the .lews. The major difficulty with the Muslims aroused from the simple fact that the

conversion of Muslims was not allowed under Islamic rule. Therefore, earlier

attempts at converting Muslims were later discarded.2‘2 Along with education,

26 It is known that prior to this date there were C'atholic institutions called Custodia della Terra

Sanda around Syria and Palestine. These institutions provided primary education, as well as offering

food and shelter for Christian pilgrims to Jerusalem. There existed similar institutions in the Balkans, especially in the Albanian region, which belonged to certain Catholic religious orders. See Stavro Skendi, I’he Albanian National Awakening, (Princeton: Princeton UP, 1967), pp. 129-144. The date mentioned above refers to the first school established in the Sultan's domains by Catholic citizens of another country. See, Osman Nuri Prgin, Türkiye Maarif J'arihi. (İstanbul: Eser Kültür Yay., 1977), Vol. 1-2, pp. 769-775, 778-782; İlhan Tekeli-Selim İlkin, Osmanlı İmparatorluğu’nda Eğitim ve Bilgi Üretim Sisteminin Oluşumu ve Dönüşümü, (Ankara: TTK Yayınlan, 1993), p.37.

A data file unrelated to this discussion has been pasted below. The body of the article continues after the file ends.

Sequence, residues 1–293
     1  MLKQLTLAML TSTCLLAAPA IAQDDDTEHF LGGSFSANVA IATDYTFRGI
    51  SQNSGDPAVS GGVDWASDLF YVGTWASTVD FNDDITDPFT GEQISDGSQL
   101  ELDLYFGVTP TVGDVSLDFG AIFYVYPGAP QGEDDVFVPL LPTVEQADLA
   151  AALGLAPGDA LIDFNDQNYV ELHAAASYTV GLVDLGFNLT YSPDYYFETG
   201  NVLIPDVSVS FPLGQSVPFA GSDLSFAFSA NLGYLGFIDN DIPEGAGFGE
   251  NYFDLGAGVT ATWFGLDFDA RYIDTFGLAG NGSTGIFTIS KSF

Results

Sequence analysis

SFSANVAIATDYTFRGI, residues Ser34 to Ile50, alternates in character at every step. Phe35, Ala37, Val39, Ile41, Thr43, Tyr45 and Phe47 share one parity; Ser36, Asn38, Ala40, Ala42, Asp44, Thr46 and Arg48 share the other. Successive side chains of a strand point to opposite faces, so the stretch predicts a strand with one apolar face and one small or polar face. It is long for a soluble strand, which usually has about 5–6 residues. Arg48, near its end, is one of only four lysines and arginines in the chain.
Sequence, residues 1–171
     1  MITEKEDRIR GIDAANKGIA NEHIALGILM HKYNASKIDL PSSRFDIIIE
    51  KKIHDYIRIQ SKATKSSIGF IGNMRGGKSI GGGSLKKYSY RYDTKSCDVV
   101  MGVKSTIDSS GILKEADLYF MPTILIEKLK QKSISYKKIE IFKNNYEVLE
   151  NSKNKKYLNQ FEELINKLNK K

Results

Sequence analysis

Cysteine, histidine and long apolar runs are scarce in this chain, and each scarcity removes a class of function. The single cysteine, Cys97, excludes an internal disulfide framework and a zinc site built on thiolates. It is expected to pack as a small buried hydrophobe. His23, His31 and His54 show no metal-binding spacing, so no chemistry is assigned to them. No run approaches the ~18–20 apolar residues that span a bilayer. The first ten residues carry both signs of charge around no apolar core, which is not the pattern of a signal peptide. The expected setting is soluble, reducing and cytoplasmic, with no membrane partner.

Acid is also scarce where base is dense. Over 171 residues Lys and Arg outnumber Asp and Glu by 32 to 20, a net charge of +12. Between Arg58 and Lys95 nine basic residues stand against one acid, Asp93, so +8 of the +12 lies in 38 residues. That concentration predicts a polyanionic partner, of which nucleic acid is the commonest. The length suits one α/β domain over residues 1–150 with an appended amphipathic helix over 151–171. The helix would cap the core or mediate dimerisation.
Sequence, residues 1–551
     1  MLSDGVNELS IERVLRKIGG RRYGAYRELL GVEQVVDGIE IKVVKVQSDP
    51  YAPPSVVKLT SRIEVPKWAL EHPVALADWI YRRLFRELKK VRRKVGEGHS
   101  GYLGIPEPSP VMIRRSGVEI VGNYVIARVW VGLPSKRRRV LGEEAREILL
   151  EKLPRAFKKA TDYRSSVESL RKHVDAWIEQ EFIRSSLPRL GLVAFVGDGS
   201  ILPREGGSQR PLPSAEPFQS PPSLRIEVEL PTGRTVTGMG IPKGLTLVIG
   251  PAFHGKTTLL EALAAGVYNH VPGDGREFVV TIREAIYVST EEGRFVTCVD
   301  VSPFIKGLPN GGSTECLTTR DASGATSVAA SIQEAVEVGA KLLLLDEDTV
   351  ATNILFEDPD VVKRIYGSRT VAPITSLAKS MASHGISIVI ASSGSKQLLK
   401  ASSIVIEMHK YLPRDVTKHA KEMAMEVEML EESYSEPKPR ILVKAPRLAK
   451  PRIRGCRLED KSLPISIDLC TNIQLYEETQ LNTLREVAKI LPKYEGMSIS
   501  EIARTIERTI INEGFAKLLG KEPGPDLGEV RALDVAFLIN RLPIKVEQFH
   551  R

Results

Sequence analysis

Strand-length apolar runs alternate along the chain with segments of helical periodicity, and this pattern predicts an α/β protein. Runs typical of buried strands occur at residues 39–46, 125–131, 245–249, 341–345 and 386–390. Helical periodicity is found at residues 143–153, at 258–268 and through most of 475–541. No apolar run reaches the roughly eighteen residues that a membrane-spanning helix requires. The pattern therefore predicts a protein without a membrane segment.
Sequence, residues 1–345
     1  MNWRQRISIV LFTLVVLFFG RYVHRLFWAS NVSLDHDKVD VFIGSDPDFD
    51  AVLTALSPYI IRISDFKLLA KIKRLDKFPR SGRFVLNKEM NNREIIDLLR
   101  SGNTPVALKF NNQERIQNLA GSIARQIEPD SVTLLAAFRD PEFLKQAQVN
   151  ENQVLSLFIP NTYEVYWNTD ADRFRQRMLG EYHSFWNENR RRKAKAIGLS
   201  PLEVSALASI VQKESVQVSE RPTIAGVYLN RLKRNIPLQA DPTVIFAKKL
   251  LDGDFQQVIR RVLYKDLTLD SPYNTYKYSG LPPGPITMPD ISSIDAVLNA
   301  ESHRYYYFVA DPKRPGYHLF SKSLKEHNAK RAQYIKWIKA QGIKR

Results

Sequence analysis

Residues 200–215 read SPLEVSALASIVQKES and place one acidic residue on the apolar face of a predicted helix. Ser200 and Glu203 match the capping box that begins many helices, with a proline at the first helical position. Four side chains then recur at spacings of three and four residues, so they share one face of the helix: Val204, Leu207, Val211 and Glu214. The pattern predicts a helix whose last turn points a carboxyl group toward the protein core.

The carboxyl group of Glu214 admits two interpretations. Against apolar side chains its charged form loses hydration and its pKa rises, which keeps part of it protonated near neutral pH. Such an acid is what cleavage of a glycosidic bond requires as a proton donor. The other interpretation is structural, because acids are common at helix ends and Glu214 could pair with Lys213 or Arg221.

22 Ergin, p. 769; Tekeli and İlkin, p. 37. 2·^ Ergin, pp. 810-811; Vahapoğlu, pp. 18-21.

2^ For more infonnation on Catholic missions see, M. Belin, Histoire de L’Eglise Latine de Constantinople. (Paris: Challamel Aine, 1877); Stephan Neill, A History o f Christian Mis.sions, (Middlesex: Penguin Books, 1980).

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Catholic missionaries also provided a variety of services including health care and

other social services.·^^

Prior to the nineteenth century, Protestant missions in the Ottoman Empire

were dominated by English missionaries.^' The first Protestant missionaries were

members of the British and Foreign Bible Society (1804) and they soon began to

distribute Bibles inland from izmir.^’ Engaged in religious as well as political

rivalry with the French and the Russians, England seemed quite willing to create and

utilize Protestant masses in the Middle East. However, after 1820s Protestant

missionary activism in the Ottoman territory was increasingly dominated by the

Americans, namely the American Board of Commissioners for Foreign Missions.

Until 1870 the ABCFM carried out all American missionary activity in the Ottoman

Empire by itself. After this date, it transferred some of its missions to the Board of